The western world is nowhere near as religious as it was in the Middle Ages. Not even close. Wars were frequently fought either expressly on religious grounds, or at least nominally so in order to rouse public support. The percentage of the population that adhered, STRONGLY, to whatever religious denomination they worshipped were much higher, tending on to 100%. The power of the clergy, both spiritual and in the secular lives of their followers, was tremendous. Papal interdicts would be levied on a city and the effect, spiritual and economic, was tremendous -- the interdicted city could not have mass, could not receive any of the sacraments (including marriage), could not even ring the bells that, day after day, rang throughout the city. We, here in 2010, really just cannot relate to how important a role the organized church played not just in the daily lives of the individual citizenry, but in the functioning of the entire society.

I'm not here to denigrate you or your worship. YOU may be the most religious person in the history fo the world. I neither know nor care. Teh reality is, however, that the world you live in is not half as religious as the Western World was 600 years ago. And it's comical to think otherwise, achieving little more than proving your ignorance of history.

Pioli Zombie
03-29-2010, 07:36 PM
Jesus?
Posted via Mobile Device

irishjayhawk
03-29-2010, 09:11 PM
Well, first you have the problem of ascribing the actions of what seems to be a distinct minority to the religion in general. I don't think Christianity is in the abortion-doctor-murdering business, for example.

Neither do I. I don't recall offering that argument.


Second, I think you have pretty scan evidence regarding Islam's expansionistic tendencies. While I certainly think that there is an ongoing battle in a number of Islamic/Arabic countries over the degree to which the country itself will be dominated by Islamic versus secular ideals, there certainly hasn't been much evidence of conquest by Muslims of non-Muslims.

I guess it depends on how you look at it. In the Crusades era, the Twin Tower attack would have most likely converted a great many people so as to not invite further atrocities. Today, we don't have that problem. Again, it has to do with religion's role, which has been severely diminished.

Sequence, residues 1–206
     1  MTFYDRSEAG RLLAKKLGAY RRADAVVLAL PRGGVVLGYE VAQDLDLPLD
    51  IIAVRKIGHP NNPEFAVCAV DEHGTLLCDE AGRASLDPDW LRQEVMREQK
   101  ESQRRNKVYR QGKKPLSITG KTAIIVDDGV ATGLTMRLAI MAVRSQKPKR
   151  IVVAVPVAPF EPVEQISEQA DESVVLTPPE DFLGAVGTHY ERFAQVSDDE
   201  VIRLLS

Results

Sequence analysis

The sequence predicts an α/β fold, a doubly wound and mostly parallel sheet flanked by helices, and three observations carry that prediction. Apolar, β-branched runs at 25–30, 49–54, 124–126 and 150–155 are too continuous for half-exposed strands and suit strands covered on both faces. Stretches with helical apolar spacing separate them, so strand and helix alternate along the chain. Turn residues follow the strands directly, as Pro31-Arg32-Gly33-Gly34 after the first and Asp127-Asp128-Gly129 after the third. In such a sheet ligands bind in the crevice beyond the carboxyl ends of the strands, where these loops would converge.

We are about 60 years removed from the de facto or de jure domination of Islamic countries by western, democratic, christian colonialism. The shift of power and self-determination still has yet to play out in all of the countries that were subjected to such colonialism, and has been complicated to some degree by the reconfiguring of nation states that happened during that era. Perhaps when that "game" is done being played, if militant Islam wins that "fight", then they will once again look external to their own borders, but for the last 300 or so years, you've got very little evidence to support the idea that Islam is on the march.

I guess you don't see the cartoon uproar, the constant attacks on Western nations/religions, a part of the ME conflict, and many other activities as Islam being on the march. I see them as a pattern, obviously adapted to today's societal constraints; meaning fear won't have the same effect that witch trials had and thus entering a sort of guerrilla warfare, aka terrorism.

irishjayhawk
03-29-2010, 09:14 PM
Look, we can have a lengthy and detailed discussion about how religious the founders of this country were, or weren't. How many times the word "God" appears in the Constituiton, etc., but that isn't what I'm talking about.

The western world is nowhere near as religious as it was in the Middle Ages. Not even close. Wars were frequently fought either expressly on religious grounds, or at least nominally so in order to rouse public support. The percentage of the population that adhered, STRONGLY, to whatever religious denomination they worshipped were much higher, tending on to 100%. The power of the clergy, both spiritual and in the secular lives of their followers, was tremendous. Papal interdicts would be levied on a city and the effect, spiritual and economic, was tremendous -- the interdicted city could not have mass, could not receive any of the sacraments (including marriage), could not even ring the bells that, day after day, rang throughout the city. We, here in 2010, really just cannot relate to how important a role the organized church played not just in the daily lives of the individual citizenry, but in the functioning of the entire society.